Friday, June 19, 2015
The Twins $55 Million Dollar Question
Over the winter, the Twins sought to address their lackluster starting pitching. A season ago, the Twins 4.57 team ERA ranked 29, or second to last, in all of Major League Baseball. Generally out of games before they started, Minnesota knew that pitching needed to start giving their offense a chance. In making a splash, the club signed free agent Ervin Santana.
After spending a season with the Atlanta Braves in the National League, Santana was ready to return home to the American League. Having pitched the season before in the AL Central, the Twins were a relative comfort zone for the free agent. His career 4.48 ERA is indicative of a pitcher that can be a difference maker, but someone who still has some questions to answer. For the Twins though, he's a legitimate number two that should provide plenty of value.
Now coming to the end of a 80 game suspension due to performance-enhancing drug use, Santana is nearing the day that he can rejoin the fold. After the Twins jettisoned Jordan Schafer, the club has an open 40 man roster spot for their high dollar pitcher. However, how does the ninth best pitching team in the American League (3.84 team ERA) accommodate him?
It's probably safe to consider both Phil Hughes and Kyle Gibson locks to stay in the rotation. Despite Hughes' struggles in 2015, he's still seen as the staff ace. Hughes 4.79 ERA is dented by his inability to control the longball this season. After giving up just 16 home runs all of last season, he's allowed 15 through June 19.
Gibson has been one of the early season bright spots. Despite a tough outing his last time out, the Twins former first rounder owns a 3.33 ERA and has been one of the American League's best pitchers in the early going. His strikeout and walk numbers virtually match his career lines, and despite his 4.41 FIP (fielding independent pitching), he should be counted on to keep his roll going.
Owning the middle ground is rookie Trevor May. A 4.26 ERA probably doesn't do justice to just how good May has looked at times. Despite a few tougher starts, he's looked every bit a top of the rotation type. His 7.7 K/9 and 1.7 BB/9 are both great, and his 3.16 FIP suggests he should only continue to improve. Whether or not the Twins see him as locked in, the reality is that he should be.
Arguably the toughest to dissect of the group is Mike Pelfrey. Going from a rotation snub, to the bullpen, and back into the rotation, Pelfrey has been the club's best pitcher this season. It's hard to include him as a lock because he seems to make us continually hold our breath, yet suggesting he's middle of the road with his current numbers is also not doing him justice. A 2.97 ERA is going to be tough to sustain while striking out right around four batters a game, but the Twins absolutely have to ride the wave until it crashes.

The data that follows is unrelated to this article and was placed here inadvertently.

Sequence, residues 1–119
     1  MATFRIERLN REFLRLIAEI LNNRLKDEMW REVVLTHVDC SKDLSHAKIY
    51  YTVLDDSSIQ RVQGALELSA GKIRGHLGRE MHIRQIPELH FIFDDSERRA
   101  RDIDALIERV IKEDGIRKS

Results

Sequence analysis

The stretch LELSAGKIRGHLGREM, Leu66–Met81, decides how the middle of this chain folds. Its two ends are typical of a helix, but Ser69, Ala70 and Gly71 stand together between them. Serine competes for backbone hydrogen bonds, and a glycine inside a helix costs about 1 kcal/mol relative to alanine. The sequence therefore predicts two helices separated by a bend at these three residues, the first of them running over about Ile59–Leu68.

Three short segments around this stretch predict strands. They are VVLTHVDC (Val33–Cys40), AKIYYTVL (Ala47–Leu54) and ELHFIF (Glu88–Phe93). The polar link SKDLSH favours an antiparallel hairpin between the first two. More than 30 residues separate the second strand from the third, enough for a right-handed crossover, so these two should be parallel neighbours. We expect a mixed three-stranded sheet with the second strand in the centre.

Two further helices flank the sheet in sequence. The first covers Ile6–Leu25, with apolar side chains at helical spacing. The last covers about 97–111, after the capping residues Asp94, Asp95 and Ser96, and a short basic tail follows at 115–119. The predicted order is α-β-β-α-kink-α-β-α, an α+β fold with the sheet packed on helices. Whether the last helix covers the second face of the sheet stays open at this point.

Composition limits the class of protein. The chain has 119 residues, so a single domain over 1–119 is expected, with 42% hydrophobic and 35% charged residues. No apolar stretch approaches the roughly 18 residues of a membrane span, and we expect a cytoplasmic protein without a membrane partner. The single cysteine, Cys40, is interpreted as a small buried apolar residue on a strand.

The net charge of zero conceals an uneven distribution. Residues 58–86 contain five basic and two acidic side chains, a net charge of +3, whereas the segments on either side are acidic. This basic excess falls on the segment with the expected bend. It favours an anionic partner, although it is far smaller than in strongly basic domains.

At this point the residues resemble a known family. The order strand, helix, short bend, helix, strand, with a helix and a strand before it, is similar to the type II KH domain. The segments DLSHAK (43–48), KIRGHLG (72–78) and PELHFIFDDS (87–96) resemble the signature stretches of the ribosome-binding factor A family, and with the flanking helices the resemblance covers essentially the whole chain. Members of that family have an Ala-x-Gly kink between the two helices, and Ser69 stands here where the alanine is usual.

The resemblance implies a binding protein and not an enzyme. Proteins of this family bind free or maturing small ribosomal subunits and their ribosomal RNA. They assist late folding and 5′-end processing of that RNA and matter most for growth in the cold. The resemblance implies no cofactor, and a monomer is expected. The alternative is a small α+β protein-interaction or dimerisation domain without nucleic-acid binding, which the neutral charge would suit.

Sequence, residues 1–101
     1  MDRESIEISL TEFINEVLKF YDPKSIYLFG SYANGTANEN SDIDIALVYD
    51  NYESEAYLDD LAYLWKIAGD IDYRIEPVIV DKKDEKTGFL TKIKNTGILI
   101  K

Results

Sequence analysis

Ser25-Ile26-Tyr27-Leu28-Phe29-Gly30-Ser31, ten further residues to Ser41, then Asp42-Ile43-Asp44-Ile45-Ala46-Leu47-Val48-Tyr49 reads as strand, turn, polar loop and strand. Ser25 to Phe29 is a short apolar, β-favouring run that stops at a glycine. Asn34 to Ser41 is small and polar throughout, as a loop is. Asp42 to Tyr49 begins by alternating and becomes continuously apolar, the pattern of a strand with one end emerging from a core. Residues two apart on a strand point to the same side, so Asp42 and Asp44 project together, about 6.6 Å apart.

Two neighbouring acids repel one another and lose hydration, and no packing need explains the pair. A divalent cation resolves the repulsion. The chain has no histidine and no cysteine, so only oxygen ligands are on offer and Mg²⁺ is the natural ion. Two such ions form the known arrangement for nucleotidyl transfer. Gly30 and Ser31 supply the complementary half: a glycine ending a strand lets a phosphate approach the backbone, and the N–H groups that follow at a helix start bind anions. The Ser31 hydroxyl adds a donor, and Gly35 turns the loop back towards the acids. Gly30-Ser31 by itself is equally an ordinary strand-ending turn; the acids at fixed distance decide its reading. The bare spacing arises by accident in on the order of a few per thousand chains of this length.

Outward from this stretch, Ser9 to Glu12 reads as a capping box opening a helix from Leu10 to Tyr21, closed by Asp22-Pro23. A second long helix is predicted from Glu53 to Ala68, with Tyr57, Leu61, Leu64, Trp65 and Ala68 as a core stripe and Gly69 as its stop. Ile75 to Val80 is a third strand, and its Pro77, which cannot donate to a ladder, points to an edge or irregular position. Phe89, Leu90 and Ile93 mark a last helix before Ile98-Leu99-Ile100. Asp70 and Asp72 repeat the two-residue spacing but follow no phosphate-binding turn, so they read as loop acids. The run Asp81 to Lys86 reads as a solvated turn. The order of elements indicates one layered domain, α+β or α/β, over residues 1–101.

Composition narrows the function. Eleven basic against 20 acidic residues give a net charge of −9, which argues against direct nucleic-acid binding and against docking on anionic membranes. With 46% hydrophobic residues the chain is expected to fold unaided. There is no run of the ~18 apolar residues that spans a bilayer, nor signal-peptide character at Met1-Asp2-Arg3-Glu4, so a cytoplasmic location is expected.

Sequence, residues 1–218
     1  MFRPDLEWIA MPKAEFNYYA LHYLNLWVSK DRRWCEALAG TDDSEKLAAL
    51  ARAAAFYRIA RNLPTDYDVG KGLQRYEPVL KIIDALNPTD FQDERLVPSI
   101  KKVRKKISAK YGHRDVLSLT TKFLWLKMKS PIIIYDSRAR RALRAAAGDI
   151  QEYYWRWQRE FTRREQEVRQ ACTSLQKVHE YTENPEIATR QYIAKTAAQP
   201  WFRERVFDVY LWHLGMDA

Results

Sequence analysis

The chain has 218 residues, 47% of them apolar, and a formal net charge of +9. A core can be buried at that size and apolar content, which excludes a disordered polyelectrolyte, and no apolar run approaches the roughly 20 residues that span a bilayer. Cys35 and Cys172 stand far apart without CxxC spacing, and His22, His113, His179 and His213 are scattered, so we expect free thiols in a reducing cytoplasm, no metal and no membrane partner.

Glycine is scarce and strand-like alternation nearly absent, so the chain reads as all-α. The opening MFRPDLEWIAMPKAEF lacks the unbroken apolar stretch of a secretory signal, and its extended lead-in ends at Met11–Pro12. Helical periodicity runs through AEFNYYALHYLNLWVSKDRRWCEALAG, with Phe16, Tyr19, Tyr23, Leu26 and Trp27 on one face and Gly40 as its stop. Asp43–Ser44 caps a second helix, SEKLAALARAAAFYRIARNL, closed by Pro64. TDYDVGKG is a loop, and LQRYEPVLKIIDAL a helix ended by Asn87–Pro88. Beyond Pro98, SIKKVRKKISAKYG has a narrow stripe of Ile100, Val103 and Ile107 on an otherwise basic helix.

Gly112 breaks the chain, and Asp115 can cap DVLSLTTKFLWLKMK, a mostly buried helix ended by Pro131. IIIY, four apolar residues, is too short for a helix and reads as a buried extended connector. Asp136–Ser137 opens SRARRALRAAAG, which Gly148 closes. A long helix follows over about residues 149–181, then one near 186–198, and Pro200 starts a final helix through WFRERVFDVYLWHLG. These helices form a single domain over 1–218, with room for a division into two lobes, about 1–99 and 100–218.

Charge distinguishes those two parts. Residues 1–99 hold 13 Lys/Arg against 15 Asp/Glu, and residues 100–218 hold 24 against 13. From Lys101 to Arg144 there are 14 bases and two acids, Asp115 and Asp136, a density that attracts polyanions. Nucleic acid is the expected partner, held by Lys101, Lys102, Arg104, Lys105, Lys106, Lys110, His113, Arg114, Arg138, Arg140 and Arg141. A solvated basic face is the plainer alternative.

That leaves recently reinstated starter Tommy Milone. Of the group, Milone is probably the least likely to have success in the bullpen. A soft tossing lefty, Milone absolutely dominated Triple-A after being sent down earlier this year. In his three starts since rejoining the big league club, Milone owns a 2.37 ERA and has allowed opposing hitters just a .236 batting average against him.
In short, the question becomes, where does Ervin Santana fit?
There's absolutely no doubt that the Twins need to find a place for him in their rotation. It's also a great thing that we are having to ask this question, rather than be able to point to three different pitchers that don't belong.
Santana is making the first of what will be three starts for Triple-A Rochester on Saturday. Over the course of the next week and a half, Minnesota will be evaluating their staff as a whole, and trying to answer the big question.
While I don't envy the decision makers in this situation, the reality is that as a whole, the Twins staff still is a bit more quantity than quality. Santana should boost the quality aspect, and the Twins will know the have depth when they need it. I'd look at inserting Santana in the place of Milone, knowing that if and when Pelfrey blows up, you have an option you can immediately turn to.
Regardless of what happens, this is a position the Twins have not found themselves in for at least the past four seasons. Quality pitching had become a thing of the past, but this club, under Paul Molitor and Neil Allen, it turning over a welcomed new leaf.